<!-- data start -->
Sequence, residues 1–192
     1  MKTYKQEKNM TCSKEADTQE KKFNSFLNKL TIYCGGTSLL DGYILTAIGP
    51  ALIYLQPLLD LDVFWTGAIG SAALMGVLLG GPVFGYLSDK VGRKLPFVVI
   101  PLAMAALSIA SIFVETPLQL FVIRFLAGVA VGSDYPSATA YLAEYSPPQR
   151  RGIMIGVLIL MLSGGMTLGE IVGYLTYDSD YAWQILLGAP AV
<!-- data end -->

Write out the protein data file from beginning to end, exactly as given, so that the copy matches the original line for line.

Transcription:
Sequence, residues 1–192
     1  MKTYKQEKNM TCSKEADTQE KKFNSFLNKL TIYCGGTSLL DGYILTAIGP
    51  ALIYLQPLLD LDVFWTGAIG SAALMGVLLG GPVFGYLSDK VGRKLPFVVI
   101  PLAMAALSIA SIFVETPLQL FVIRFLAGVA VGSDYPSATA YLAEYSPPQR
   151  RGIMIGVLIL MLSGGMTLGE IVGYLTYDSD YAWQILLGAP AV